• 11,106 Posts
    • 131,292 Thanks
    kazwookie
    Talk to your friends

    And learn to say NO if you dont want to do it
    Sun, Sea

    • suki1964
    • By suki1964 3rd Jul 19, 8:08 AM
    • 12,341 Posts
    • 32,910 Thanks
    suki1964
    Why charge a friend????? And what are you charging for?

    If they are supplying the food, paying vet bills etc etc and giving you thank you gifts, how are you out of pocket?

    How much looking after does the dog require during working hours?
    A walk mid day and company.

    Id say you were getting the better end of the deal tbh, a bit of company, an excuse to get out of the house and exercise

    But hey, go register as professional dog sitters, register as self employed, charge the going rate and lose a friendship
    if you lend someone £20 and never see that person again, it was probably worth it
    • Bellisima
    • By Bellisima 3rd Jul 19, 8:22 AM
    • 130 Posts
    • 176 Thanks
    Bellisima
    It’s lovely that you look after your friend’s dog sometimes. Yes dog sitters do charge, but that is because they are running a business. Putting the dog in kennels is cheaper, but horrible. Any dog would be happier at home than stuck in a prison. I worked at a Shelter for many years and saw how depressed dogs can get in kennels. As so many have suggested, if you no longer wish to have the dog a couple of days a week, then speak to your friends and tell them you are too busy, but to expect them to pay you seems rather harsh.
    • Newly retired
    • By Newly retired 3rd Jul 19, 8:40 AM
    • 2,442 Posts
    • 2,847 Thanks
    Newly retired
    If you are providing the food and are struggling financially, then that is a different matter. Either tell them frankly that you can no longer afford to do so, and ask if they could provide dog food.
    If money is not the real issue but you just feel put upon and resent the tie, it is time to tell them you donít want to do it anymore.

    On the other hand, if you still enjoy having the dog, just think of the positives. I would not want to own a dog but I often wish I had one to go for wAlks with, and no vets bills. You have all the pleasures and none of the drawbacks.
    • newpuppy
    • By newpuppy 3rd Jul 19, 8:43 AM
    • 29 Posts
    • 47 Thanks
    newpuppy
    No charge, just talk to your friends
    Professionals do charge for dog care, but you're not a professional, you're a friend. Look again at how this commitment evolved and do your friends actually need you to care for the dog twice a week? Perhaps they feel they are doing you a favour, enriching your life, filling your time or whatever, and would prefer to employ a professional, but don't like to tell you. Just saying ... If you can't face raising the issue with them, try crying off once in a while and see what happens. Perhaps you just need to reset the balance.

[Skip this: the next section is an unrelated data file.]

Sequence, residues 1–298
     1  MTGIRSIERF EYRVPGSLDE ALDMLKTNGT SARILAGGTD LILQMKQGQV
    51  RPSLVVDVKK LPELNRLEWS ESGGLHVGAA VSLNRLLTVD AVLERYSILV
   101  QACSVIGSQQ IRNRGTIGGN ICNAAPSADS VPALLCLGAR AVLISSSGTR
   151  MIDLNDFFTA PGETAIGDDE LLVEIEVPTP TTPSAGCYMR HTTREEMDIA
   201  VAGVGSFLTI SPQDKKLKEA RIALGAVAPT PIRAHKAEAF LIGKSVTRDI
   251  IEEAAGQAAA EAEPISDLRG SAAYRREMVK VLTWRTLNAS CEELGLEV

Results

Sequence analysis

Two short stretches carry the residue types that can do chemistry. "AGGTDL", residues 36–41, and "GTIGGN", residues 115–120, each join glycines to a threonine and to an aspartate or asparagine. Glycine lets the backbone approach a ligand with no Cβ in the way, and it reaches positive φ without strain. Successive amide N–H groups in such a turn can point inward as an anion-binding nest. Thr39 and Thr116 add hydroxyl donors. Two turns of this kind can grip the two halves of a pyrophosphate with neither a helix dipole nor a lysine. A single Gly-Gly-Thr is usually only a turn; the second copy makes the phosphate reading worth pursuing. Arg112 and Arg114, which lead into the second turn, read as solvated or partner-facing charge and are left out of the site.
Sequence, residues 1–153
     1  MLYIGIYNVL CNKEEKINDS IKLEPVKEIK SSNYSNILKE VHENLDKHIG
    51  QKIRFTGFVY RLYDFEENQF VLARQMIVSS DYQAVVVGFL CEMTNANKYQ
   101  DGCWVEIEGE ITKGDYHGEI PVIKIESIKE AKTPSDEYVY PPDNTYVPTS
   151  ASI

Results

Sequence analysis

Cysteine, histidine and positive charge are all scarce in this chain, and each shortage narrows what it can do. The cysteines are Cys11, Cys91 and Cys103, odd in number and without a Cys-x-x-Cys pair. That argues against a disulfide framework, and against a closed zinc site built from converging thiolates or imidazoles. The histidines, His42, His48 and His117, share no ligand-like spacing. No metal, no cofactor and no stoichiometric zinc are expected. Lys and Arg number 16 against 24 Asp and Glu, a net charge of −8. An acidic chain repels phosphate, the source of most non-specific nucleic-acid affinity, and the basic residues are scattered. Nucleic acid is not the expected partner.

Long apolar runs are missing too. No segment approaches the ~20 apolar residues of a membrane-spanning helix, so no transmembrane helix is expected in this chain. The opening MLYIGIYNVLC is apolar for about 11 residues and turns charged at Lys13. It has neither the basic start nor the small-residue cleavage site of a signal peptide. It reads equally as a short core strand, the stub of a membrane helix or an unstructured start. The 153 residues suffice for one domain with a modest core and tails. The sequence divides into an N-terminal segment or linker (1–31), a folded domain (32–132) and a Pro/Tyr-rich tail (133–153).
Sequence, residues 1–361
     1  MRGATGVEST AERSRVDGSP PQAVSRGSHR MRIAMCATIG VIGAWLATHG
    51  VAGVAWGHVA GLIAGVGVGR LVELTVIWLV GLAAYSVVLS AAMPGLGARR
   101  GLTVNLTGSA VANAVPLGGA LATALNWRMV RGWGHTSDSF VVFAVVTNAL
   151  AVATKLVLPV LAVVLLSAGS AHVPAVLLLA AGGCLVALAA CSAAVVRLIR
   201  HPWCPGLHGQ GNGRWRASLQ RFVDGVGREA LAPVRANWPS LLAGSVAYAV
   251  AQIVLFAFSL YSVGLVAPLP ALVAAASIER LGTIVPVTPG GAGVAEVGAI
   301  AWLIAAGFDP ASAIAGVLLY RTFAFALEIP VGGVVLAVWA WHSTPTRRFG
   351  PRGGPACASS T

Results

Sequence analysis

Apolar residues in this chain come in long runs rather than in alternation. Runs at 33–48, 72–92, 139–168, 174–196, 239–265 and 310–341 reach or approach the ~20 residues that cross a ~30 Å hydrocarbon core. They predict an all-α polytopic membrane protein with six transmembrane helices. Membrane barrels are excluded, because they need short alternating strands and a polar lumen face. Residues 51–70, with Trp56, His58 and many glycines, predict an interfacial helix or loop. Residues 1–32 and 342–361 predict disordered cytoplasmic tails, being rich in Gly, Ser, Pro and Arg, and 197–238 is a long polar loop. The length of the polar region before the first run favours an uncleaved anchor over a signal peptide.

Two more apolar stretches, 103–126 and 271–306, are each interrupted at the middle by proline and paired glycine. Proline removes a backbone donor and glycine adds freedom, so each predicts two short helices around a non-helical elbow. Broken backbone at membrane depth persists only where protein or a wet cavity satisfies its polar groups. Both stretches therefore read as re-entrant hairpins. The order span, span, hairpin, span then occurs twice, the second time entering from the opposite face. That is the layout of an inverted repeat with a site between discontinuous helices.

• Candyflossnan
    • By Candyflossnan 3rd Jul 19, 8:56 AM
    • 5 Posts
    • 4 Thanks
    Candyflossnan
    I think asking for money would be the end of your friendship but at the same time its very unfair that an occasional favour has grown into a responsibility or even a chore.

    Maybe if you can have a word with your friends along the lines of

    "Whilst we enjoy looking after "our furry friends" we're finding it harder nowadays and would like to go back to occasionally helping out as before.
    • pixiebel81
    • By pixiebel81 3rd Jul 19, 9:13 AM
    • 27 Posts
    • 28 Thanks
    pixiebel81
    I guess it cuts both ways, we are a retired couple and we look after next doors dog most days for most of the day for the last 6 years. If we didn't look after the dog we would miss our little buddie, and she would miss us.

    We are both in our 70's too old to get a dog of our own, chances are a dog would outlive us and who knows what happens to a dog then, they miss us when we die and much as we miss them when they die.

    As for the cost of feeding our little buddy she probably costs us around £3 a day, about the same price as a pint, but I'd much sooner have the dog than the pint, luckily I can afford both.

    I appreciate and respect what the OP says, to each his own, but our little buddie is worth every penny we spend on her. I guess the neighbours could well afford to pay us for looking after their dog but we wouldn't feel comfortable being paid to look after her, in fact if money was offered we'd turn it down, the dog brings more into our lives than she takes out.

    Bob.
    Originally posted by canadabob
    You might not feel comfortable taking money from them but they really should be providing food for the dog, expecting you to pay to feed it is a bit cheeky